A transgendered woman who’s well in his 60s sat about five rows in front of me. His broad shoulders, drooping, showed how much weight he carried.
In another seat, a man crouched and sobbed like a boy who skinned his knees. He buried his face in his palms while beside him sat his girlfriend, consoling him, her hand rubbing his back.
Still, in another seat, a man had his head wrapped in a bandana — the kind you see on cancer patients — was deep in prayer. From time to time he wiped his tears with his manly, knobby fingers. In giving the sign of peace, he reached out to me with a handshake. Red veins peering from behind the mist, his eyes looked intently into mine as he mustered the courage to deliver a message of peace that was not from him.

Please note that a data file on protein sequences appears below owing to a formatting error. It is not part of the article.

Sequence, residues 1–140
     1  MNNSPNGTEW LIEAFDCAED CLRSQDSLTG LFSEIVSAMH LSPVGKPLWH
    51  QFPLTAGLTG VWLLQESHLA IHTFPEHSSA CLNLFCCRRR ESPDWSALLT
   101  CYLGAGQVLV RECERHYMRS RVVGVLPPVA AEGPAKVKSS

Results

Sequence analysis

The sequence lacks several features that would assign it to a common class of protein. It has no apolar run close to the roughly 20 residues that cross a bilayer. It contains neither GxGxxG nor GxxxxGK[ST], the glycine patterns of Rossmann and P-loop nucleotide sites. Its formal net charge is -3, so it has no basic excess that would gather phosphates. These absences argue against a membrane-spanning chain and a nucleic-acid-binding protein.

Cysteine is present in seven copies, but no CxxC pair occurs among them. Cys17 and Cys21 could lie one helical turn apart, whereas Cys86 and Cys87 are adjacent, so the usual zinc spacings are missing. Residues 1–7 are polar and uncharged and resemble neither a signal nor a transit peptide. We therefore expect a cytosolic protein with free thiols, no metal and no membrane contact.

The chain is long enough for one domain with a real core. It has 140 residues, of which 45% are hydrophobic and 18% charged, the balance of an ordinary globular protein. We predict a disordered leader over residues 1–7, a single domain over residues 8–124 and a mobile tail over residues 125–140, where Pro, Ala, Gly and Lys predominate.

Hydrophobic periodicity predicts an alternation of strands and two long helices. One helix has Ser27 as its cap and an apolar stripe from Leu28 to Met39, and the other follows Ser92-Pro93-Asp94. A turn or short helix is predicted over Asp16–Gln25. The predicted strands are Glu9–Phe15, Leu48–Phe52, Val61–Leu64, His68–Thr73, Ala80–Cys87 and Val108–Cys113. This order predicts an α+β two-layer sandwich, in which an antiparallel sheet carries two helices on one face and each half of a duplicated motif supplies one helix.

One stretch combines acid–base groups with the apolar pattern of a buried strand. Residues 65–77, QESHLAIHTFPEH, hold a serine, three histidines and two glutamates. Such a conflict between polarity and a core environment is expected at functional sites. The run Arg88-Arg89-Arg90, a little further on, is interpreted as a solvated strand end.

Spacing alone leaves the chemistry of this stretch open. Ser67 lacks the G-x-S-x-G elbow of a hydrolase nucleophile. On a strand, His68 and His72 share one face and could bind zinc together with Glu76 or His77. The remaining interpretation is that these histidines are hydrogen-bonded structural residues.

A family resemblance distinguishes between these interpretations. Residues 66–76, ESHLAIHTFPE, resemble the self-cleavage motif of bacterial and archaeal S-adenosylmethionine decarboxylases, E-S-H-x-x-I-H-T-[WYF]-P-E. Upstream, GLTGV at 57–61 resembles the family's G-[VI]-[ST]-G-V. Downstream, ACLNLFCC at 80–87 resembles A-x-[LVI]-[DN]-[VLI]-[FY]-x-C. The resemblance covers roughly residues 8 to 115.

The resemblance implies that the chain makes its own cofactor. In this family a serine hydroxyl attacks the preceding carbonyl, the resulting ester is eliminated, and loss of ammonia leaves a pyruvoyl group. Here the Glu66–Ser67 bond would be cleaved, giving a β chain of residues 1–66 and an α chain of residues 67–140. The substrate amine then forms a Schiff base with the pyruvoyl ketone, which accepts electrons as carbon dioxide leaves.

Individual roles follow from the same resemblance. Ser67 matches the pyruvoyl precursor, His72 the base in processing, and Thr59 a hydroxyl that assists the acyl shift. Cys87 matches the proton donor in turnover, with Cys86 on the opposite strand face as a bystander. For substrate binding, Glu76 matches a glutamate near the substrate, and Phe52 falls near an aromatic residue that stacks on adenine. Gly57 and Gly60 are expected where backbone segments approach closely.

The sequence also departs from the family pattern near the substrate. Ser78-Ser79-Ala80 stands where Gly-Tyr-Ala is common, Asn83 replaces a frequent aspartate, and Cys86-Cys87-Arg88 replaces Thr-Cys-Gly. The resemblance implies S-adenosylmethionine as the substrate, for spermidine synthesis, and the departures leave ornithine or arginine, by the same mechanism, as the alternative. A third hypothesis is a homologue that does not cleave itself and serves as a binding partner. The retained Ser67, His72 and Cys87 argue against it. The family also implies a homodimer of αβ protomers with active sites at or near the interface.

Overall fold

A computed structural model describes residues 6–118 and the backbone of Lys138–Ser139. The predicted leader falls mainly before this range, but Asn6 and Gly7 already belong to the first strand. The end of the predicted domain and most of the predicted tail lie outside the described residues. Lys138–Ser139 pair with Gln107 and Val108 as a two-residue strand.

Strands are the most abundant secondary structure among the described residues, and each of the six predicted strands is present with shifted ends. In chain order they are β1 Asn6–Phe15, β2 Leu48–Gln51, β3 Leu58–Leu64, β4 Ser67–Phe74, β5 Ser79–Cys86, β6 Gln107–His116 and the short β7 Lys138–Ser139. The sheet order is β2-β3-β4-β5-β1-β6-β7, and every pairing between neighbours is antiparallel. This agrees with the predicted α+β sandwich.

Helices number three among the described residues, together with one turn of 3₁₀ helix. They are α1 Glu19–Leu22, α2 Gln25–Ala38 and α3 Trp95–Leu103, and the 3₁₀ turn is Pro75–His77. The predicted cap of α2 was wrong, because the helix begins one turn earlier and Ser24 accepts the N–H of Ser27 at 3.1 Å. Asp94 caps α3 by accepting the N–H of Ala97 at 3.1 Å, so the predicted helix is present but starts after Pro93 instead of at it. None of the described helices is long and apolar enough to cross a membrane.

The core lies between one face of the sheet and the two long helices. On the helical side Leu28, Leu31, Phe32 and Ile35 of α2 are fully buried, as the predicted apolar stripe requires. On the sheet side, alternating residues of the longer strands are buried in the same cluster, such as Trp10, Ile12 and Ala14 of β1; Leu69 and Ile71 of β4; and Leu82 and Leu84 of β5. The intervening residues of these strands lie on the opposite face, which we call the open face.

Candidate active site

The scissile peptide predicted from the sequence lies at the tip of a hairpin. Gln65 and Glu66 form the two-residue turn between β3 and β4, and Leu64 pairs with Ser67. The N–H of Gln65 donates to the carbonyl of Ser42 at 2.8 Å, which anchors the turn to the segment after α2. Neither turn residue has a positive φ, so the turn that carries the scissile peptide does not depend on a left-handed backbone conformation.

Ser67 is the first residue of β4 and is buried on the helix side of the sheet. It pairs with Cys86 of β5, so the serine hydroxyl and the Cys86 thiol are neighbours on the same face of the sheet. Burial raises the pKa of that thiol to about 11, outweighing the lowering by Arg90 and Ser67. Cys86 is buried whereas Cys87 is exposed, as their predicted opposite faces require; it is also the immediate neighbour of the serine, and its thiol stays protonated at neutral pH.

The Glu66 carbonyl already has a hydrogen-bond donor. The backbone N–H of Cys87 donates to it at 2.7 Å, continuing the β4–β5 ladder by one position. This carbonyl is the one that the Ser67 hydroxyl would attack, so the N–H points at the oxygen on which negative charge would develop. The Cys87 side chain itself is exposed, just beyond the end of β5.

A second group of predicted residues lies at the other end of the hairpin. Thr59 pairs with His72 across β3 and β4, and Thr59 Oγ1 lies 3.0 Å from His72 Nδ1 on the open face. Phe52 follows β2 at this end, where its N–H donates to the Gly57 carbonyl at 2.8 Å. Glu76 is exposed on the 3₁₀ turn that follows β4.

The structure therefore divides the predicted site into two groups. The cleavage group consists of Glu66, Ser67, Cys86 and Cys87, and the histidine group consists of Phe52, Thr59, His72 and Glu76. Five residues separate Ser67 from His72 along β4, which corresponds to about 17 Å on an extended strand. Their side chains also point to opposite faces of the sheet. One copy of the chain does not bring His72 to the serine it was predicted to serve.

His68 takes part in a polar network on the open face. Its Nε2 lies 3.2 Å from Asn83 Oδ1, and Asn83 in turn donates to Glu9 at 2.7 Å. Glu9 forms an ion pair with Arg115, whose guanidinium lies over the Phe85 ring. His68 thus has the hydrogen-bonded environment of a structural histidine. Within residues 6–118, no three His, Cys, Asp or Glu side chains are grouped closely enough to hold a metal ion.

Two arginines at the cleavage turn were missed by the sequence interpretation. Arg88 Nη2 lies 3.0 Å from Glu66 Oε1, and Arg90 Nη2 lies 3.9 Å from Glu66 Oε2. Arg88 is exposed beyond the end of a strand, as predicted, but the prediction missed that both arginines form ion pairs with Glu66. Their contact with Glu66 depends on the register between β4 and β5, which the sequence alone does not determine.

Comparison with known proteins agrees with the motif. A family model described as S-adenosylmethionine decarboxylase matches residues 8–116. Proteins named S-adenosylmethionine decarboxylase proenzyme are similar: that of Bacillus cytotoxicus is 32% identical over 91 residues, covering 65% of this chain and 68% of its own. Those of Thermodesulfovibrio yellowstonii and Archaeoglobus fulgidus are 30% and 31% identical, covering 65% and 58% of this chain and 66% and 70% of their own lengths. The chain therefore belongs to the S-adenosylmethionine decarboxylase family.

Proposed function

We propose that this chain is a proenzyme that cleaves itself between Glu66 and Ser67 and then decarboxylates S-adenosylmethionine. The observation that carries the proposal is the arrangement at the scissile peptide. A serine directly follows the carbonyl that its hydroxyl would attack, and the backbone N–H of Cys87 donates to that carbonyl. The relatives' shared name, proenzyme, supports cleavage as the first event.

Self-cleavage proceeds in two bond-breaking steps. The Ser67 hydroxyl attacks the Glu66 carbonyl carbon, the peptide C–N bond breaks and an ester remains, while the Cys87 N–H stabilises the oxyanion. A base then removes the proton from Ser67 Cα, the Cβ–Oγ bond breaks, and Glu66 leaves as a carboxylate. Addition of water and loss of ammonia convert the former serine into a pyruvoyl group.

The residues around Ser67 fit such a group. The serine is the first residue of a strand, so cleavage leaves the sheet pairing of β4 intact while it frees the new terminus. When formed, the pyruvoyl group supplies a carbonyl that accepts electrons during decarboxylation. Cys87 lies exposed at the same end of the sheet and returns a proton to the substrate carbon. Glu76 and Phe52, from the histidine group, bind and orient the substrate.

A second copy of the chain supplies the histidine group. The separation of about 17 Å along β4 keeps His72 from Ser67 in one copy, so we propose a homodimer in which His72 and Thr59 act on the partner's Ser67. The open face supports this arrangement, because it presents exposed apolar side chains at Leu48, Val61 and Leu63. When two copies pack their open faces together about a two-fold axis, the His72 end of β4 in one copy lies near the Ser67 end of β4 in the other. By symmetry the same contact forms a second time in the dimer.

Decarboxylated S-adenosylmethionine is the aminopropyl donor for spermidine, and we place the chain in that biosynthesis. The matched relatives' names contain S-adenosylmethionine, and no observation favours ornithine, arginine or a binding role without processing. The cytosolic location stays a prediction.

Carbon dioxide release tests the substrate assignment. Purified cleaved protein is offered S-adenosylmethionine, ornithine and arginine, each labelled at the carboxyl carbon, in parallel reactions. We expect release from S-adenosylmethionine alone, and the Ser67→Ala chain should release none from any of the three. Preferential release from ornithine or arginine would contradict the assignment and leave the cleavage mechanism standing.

I sat there in the same Mass, among the weak, the sick and the dying, the misunderstood, the brokenhearted, the dry and the lost.
Then I thought my cross might prove to be just the weight of a toothpick compared to theirs.
I may not know their story. But we all came across each other in a glance, between pews, in one small space in time and in a place where all our eyes went looking for one Man who was nailed to the biggest cross that handled it all, for all of us.
We just needed to breathe and remember that this too, had been won. That this too, shall pass.